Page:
So there I was in the Bop Shop Atrium to hear Lauren Radnofskyand her amplified cello last Friday night. The space was jammed with people leaning over the balcony, bathing in the surprisingly clear acoustics, and hanging on every note.
In her program notes, Radnofsky suggested people listen "attentively with a high level of concentration, or simply walk around the atrium and experience this as ambient music." I opted for the latter, though it was hard to take your eyes off of Radnofsky's intensity as she worked her cello with love bordering on abuse. Low percussive notes moaned and thumped in digital delay, as the higher bowed notes screamed like arrows fired from a tube screamer. Her music conjured actual images with its bowed onomatopoeia (a ship at sea, the wind). There was a pleasant vagueness vacillating within the electricity.
Gaylord is another group of musicians that leaves room for listeners to fill in the blanks. Despite its swerving score, Gaylord's music is just plain fun. The band headlined a Montage Live triple bill Saturday night with TADUYA and The Quitters, and I can't recommend them enough.
The Quitters don't go for the hidden notes like Radnofsky or Gaylord, but they don't beat the well-worn ones to death either. The Quitters just write great catchy, crunchy rock 'n' roll songs. In fact there was a time that the band claimed to have invented rock 'n' roll.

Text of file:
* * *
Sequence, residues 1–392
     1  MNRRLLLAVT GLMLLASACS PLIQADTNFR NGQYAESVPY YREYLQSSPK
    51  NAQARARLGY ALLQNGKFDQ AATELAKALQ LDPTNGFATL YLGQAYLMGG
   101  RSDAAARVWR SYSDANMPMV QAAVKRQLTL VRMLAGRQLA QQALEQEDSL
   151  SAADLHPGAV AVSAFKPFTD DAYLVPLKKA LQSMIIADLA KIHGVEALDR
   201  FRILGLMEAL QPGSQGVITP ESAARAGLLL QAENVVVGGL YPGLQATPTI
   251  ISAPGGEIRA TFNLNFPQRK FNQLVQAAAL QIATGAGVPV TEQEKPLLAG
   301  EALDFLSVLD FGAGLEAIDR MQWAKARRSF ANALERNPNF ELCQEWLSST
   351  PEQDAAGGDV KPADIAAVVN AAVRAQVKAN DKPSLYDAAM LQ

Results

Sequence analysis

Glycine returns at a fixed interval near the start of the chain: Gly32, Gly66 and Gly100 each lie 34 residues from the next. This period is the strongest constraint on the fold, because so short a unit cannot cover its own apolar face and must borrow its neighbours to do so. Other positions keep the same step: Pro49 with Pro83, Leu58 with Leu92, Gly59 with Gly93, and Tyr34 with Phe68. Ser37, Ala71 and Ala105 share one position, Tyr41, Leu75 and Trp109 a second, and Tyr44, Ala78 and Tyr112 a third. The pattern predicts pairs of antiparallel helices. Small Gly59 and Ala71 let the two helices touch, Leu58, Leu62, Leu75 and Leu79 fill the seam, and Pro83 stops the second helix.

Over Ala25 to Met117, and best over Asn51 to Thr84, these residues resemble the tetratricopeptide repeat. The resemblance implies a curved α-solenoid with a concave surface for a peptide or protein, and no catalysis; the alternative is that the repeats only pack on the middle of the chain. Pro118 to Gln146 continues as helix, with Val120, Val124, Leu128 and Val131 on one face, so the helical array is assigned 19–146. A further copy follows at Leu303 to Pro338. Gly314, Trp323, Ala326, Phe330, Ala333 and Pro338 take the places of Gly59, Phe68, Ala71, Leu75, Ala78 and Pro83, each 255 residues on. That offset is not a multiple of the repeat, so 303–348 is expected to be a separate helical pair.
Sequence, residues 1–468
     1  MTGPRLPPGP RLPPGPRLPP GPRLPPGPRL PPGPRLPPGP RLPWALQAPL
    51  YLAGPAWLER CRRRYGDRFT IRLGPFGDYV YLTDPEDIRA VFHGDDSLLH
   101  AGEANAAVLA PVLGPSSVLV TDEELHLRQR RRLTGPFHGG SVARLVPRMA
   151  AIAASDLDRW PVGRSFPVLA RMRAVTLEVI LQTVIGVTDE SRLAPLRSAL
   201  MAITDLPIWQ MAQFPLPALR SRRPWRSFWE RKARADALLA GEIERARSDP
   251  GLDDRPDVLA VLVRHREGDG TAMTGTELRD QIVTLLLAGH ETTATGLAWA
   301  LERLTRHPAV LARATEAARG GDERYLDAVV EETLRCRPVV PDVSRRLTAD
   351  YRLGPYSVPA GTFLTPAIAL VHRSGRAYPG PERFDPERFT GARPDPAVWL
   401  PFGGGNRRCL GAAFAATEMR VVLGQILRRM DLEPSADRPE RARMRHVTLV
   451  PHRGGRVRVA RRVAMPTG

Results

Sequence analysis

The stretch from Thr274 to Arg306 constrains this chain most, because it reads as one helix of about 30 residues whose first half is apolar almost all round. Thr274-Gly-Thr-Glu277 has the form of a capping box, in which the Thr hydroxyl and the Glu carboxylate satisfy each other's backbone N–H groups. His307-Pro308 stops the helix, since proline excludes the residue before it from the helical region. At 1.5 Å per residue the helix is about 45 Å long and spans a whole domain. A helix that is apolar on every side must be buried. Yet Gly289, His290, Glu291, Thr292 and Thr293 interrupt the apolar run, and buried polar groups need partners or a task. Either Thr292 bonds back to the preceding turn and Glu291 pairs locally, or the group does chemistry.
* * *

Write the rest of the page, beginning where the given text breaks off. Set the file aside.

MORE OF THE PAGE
Sometimes music's beauty can come through straight ahead mediums like The Quitters' Dave Snyder; he bellowed, boogied, and bounded around the stage giving himself atomic wedgies.
Seeing groups like these --- in all their abstract beauty or brutal frankness --- helped reintroduce me to why I dug music so much to begin with. For so many musicians (and some fans) music can be exhausting, all-consuming. But I've discovered music as a vital part of the larger equation, the equation of life, art, love, sex, death, and fancy footwear. Even if a lot of it is just rock 'n' roll, it's all part of something bigger. It depends, I suppose, on how you live your life. It depends on how you listen.
--- Frank De Blase